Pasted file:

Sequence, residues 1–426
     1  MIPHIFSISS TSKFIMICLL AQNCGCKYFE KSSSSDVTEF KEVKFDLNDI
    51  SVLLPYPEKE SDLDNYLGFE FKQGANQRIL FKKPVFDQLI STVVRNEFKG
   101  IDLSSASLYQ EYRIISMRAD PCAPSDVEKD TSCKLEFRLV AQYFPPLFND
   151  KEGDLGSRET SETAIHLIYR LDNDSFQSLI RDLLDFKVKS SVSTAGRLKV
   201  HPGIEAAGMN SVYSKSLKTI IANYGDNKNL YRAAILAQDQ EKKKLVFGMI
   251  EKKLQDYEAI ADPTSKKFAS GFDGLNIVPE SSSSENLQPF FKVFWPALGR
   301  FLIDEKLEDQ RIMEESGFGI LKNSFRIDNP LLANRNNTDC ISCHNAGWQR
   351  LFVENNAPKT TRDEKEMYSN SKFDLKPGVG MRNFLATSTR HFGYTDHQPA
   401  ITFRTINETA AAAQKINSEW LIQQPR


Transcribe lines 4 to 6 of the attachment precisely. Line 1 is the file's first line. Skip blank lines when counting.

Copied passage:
   101  IDLSSASLYQ EYRIISMRAD PCAPSDVEKD TSCKLEFRLV AQYFPPLFND
   151  KEGDLGSRET SETAIHLIYR LDNDSFQSLI RDLLDFKVKS SVSTAGRLKV
   201  HPGIEAAGMN SVYSKSLKTI IANYGDNKNL YRAAILAQDQ EKKKLVFGMI